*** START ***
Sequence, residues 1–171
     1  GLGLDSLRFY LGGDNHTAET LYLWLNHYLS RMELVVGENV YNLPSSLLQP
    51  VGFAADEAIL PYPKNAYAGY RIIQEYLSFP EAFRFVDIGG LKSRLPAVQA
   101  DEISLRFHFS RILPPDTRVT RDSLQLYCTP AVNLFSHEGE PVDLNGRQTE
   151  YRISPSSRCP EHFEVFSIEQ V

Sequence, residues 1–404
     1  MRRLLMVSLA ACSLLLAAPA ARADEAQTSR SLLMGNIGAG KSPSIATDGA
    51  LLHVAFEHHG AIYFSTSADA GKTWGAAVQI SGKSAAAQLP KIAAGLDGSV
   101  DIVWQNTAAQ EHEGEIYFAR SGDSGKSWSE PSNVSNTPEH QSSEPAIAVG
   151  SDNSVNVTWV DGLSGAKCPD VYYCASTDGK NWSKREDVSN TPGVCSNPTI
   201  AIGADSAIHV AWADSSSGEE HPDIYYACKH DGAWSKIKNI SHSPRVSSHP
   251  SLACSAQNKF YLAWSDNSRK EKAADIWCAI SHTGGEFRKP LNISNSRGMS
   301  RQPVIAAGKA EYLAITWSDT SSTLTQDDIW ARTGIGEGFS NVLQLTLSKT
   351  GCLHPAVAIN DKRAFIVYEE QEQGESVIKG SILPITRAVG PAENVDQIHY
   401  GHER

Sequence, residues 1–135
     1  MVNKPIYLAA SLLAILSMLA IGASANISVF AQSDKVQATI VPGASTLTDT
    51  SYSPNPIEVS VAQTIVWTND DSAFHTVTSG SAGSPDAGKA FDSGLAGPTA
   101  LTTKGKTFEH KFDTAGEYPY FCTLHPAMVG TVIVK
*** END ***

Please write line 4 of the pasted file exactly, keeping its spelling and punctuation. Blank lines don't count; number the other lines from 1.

   101  DEISLRFHFS RILPPDTRVT RDSLQLYCTP AVNLFSHEGE PVDLNGRQTE